Table of Contents
Discrete probability distributions
Discrete probability distributions allow us to establish the full possible range of values of an event when it is described with a discrete random variable. Examples of the use of the Bernoulli’s, binomial, geometric, and hypergeometric distributions are shown.
We all will agree how nice it is to be totally exhausted at the end of the day, get into bed and fall asleep in a matter of seconds. I can tell you that, most of the times, the next day I don’t even remember when I go to sleep.
Of course this is not always the case. There are times when the brain insists on continuing to function, sometimes due to concerns of our daily life, but other times it insists on the most useless and absurd thoughts, despite the fact that the rest of the body cries out for disconnection.
For these fateful days (or nights) when you can’t fall asleep, I recommend an infallible trick: counting sheep.
It practically never fails. The secret is to count them without paying much attention to the sheep that are passing over the pillow and not obsessing over the size of the herd that is accumulating under the bed. And, much less, by the type of sheep that we have counted.
And I tell you this last so that you do not make the same mistake that my cousin usually does. The poor guy is an insomniac and, following my advice, he starts counting sheep. The problem is that, since he has a naturalistic vocation, he begins to pay attention to the color of each sheep, whether it has long hair, whether it is of one race or another, and things like that.
But that is only half the story, he begins to calculate the probability that the next sheep will be of one type or another. Do you want to know how he does it? Keep reading and you will see.
We already know that probability measures the degree of uncertainty or possibility of occurrence of each of the possible results of an event. This is usually calculated in the simplest cases by dividing the number of favorable events by the number of possible events.
For example, if we roll a six-sided die, the probability of getting a two will be 1/6. Thus, the probability can have a value from 0 (it is impossible for the event to occur) to 1 (it is certain that the event will occur).
But not always calculating the probability of an event is so simple. For more complex calculations, it is usual to resort to the probability distribution that follows the event in the population.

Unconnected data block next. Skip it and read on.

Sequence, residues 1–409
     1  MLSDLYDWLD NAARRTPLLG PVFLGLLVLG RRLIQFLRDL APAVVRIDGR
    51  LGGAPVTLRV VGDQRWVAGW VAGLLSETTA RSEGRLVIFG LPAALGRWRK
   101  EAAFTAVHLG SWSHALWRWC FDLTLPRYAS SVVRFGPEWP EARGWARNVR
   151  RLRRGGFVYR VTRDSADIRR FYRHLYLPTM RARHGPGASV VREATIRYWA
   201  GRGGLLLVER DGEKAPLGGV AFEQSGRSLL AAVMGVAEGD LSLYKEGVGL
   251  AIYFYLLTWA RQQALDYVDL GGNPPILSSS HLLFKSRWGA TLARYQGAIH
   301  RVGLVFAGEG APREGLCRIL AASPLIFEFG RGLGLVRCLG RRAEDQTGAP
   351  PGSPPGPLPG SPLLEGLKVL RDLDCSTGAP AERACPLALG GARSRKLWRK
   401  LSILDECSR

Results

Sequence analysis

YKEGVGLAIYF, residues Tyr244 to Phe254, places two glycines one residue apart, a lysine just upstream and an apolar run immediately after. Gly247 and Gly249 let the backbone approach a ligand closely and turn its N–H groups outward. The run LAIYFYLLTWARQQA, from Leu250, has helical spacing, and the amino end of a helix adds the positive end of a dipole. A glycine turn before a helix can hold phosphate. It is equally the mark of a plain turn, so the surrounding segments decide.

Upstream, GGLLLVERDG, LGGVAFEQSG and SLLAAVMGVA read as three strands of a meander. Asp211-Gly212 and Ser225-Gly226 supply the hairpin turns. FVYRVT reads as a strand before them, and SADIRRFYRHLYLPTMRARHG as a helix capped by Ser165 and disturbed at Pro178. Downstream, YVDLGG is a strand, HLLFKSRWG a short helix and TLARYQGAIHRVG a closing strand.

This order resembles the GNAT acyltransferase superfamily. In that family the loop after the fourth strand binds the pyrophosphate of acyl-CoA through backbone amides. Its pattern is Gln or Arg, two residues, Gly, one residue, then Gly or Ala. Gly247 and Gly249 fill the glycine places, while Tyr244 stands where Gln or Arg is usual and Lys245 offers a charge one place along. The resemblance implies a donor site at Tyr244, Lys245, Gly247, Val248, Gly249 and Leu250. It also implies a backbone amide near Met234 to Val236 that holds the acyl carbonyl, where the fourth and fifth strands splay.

The probability distribution allows establishing the entire possible range of values of the event, which is usually a random variable, so it allows establishing the probability that the event occurs when performing a given experiment.
Discrete probability distributions
We already know that random variables can be continuous or discrete. Similarly, probability distributions are also continuous or discrete, depending on the type of variable for which they explain their distribution.
The best known of these probability distributions is undoubtedly the normal distribution, which is a continuous probability distribution.
However, my cousin, for his speculations with sheeps, uses discrete probability distributions, which are what we have to resort to when we want to count objects. This is so because discrete random variables are those that describe variables with integer values, with either a list of positive and/or negative values.
There are numerous discrete probability distributions, but here we are going to focus on my cousin’s favorites and see how he uses them. These are the Bernoulli’s distribution, the binomial distribution, the geometric distribution, and the hypergeometric distribution.
Bernoulli’s distribution, also called dichotomous distribution, is used to represent a discrete random variable that can only have two mutually exclusive outcomes. Furthermore, we can only apply this distribution when we perform a single experiment. If we do several, we will have to resort to the binomial distribution, which we will see later.
These two outcomes of a Bernoulli’s experiment are often called success and failure. Here it is important to note that “failure” does not mean the opposite of success, but any other result than success.
For example, if we define a Bernoulli’s experiment by rolling a die and considering success to roll a 6, a failure will be to roll 1, 2, 3, 4, or 5.
Like all probability distributions, we can define the Bernoulli’s distribution in terms of some of its parameters. Thus, if the probability of success is “p” and the probability of failure is “1-p”, the distribution can be defined by its mean (p) and its variance (p(1-p)).
This distribution is the simplest. Suppose that among the sheeps that my cousin counts there are 25% churras, 30% merinos, 15% carranza sheep and the rest, manchega sheep (these are different breeds of Hispanic sheep).
To find out what the probability is that the next sheep to cross your pillow is a carranza, you just have to apply Laplace’s law of favorable cases divided by possible cases. In this case, 15/100 = 0.15.
Things get a little complicated for my cousin if he wants to calculate probabilities with more than one sheep, since then Bernoulli’s experiments are useless. For example, let’s imagine that he wants to know how likely he is to count 3 churras among the first 15 sheep.
For such a case, my cousin uses the binomial distribution. It is similar to Bernoulli’s, but it tells us the probability of obtaining a result between two possible ones when carrying out a n number of experiments.
For those who love formulas, where p is the probability of success, the general formula to calculate the binomial probability is the following:
As we can see from the formula, to characterize a binomial probability distribution we only need the number of experiments (n) and the probability of success (p). Its mean can be calculated as np and its variance as np(1-p).